09/15/2005 11:00PM

A steward with, yes, a heart

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Dave Samuel will never forget the day, early in his career as a Southern California racing official, when he walked into the jockeys' room for a brief visit before heading to the stewards' office.

"Laffit Pincay was sitting with his back to me, so he had no idea I was there," Samuel recalled. "I heard him say, 'Well, I've got to go see the stewards. They're going to tell me how to ride.' "

Samuel still cracks up when he tells the story, because the idea remains patently absurd, for anyone to suppose they could lecture a star like Pincay on the finer points of riding a racehorse.

"It's rare, but even the great ones crossed the line from time to time," Samuel said. "And they usually knew when they did. Still, for a young steward, it was a little intimidating. When someone like Pincay or Shoemaker came in for a hearing, the best thing to do was shut up and listen to the older stewards."

Samuel is among recent cluster of retirements by long-serving California officials that included Merlin Volzke, Jack Williams, and Pete Pedersen. Samuel beat them to the punch, serving his last day as an official on Dec. 31, 2003, after 36 years on the California circuit.

Until his retirement, Samuel was a regular in the stewards' stand at the Los Angeles County Fair, which is currently underway at Fairplex Park. The pay was good, but it had to be to compensate for 2 1/2 weeks of racing without a break, threat-level heat and smog, and a jocks' room full of B-list riders who were hell-bent to cash in on the generous Fairplex prize money.

And then there were the stairs. Lots of stairs. From ground level to the stewards' booth on the roof of the Fairplex grandstand, the average middle-aged racing official needs pitons, oxygen, and a sherpa. It starts with a conventional stairway to the box seat level, then switches to 75 or so concrete steps, stadium-style with no handrails, followed by a narrow, vertical ladder to a walk of 50 yards across a fully exposed tarpaper roof, complete with unobstructed view of the eastern San Gabriel Valley.

Oh sure, there's an elevator, waaaaay down at the other end of the grandstand, used only by wimps and pansies. Samuel used to make the trip up from the booth to the saddling paddock three or four times a day.

"I was the only steward to go down to the paddock during the day," Samuel said. "I mean I was the only steward crazy enough to face those stairs three or four times a day."

Samuel, a minor league ballplayer in his youth, kept himself fit right up to the day he retired, and then right up to the day he was found to have familial amyloid neuropathy, a relentlessly degenerative disease that attacks the peripheral nervous system and eventually renders the muscles of the arms and legs useless. As suggested by its name, the condition is hereditary.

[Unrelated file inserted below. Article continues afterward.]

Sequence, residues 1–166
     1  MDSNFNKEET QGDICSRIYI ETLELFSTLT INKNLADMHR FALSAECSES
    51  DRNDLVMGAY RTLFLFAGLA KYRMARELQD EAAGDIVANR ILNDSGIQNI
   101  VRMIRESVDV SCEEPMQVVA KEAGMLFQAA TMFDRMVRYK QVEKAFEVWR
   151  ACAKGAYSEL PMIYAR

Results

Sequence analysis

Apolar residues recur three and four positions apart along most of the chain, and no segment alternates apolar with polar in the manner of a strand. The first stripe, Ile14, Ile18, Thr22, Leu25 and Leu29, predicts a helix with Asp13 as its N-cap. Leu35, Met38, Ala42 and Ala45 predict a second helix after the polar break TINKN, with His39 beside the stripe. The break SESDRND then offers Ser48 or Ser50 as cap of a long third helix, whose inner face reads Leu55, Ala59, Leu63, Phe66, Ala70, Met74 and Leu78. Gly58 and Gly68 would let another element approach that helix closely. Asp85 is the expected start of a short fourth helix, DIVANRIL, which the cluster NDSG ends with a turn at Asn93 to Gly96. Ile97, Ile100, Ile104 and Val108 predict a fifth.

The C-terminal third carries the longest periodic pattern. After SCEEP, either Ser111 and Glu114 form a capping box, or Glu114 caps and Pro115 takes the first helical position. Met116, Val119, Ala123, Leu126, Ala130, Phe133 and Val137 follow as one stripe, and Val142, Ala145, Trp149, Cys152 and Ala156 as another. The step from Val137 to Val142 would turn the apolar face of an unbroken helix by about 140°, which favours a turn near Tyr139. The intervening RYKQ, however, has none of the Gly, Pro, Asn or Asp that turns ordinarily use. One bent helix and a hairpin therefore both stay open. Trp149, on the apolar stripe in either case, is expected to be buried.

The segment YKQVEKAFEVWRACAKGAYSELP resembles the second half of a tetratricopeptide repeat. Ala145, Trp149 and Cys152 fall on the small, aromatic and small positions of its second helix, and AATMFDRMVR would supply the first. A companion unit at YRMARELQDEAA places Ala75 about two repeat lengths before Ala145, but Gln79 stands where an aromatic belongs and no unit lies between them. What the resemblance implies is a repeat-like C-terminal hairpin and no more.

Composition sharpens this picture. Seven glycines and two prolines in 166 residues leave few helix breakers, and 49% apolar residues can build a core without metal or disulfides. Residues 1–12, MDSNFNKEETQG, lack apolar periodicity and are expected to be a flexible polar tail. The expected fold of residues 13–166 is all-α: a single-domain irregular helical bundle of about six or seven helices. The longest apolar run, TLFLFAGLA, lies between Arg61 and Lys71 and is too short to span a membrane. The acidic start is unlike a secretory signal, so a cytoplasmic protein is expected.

"The same thing has happened to my older brother," Samuel noted. "But we sure can't blame it on my mom. She lived to be 93 and never showed a sign. My dad passed away at 65, and that's about the time you start getting the symptoms."

Samuel, who is 72, was a passionate trail hiker well past his 70th birthday, before his symptoms became more serious. Now, as his condition progresses, he needs a walker to negotiate his apartment and a wheelchair if he ventures very far into the world. But if he feels sorry for himself, he's hiding it well.

"I don't know why I feel so good, but I really do," Samuel said. "I get calls from people all the time, and somebody e-mailed me a great cartoon yesterday. There's an old guy sitting in the doctor's office. His head's down, his muscles are sagging, knobby knees, and the doctor is saying, 'Remember those 10 years you added to your life by taking such good care of yourself? This is what they will look like.' Like Barbara Bush said, old age is not for sissies."

As a steward, Samuel could be described as a reluctant disciplinarian who maintained a collegial relationship with the licensees he policed. A fearsome hanging judge he was not.

"I started in '67 at Santa Anita, and I don't think there was ever a day that I was feeling like, 'My god, I've got to go to work,' " Samuel said. "I enjoyed almost every day. There were days I would go home at night, wondering if we did the right thing, taking away a jock's living for five days. But most of the time you felt you made the right decision."

Asked if he had any advice to pass on to the coming generation of racing stewards, Samuel offered a lesson from his early days in the stand.

"One of the first stewards' jobs I had was with Pete and Shelly," Samuel said, referring to Pete Pedersen and the late Alfred Shelhamer. "The first inquiry comes up. Pete says one thing. Shelly says the other. And when I finally make up my mind I decide Pete's right."

The punchline?

"Shelly wouldn't talk to me for two or three days," Samuel said with a laugh. "From then on, whenever we had an inquiry, I made up my mind to be the first vote, and then let the other two guys fight about it."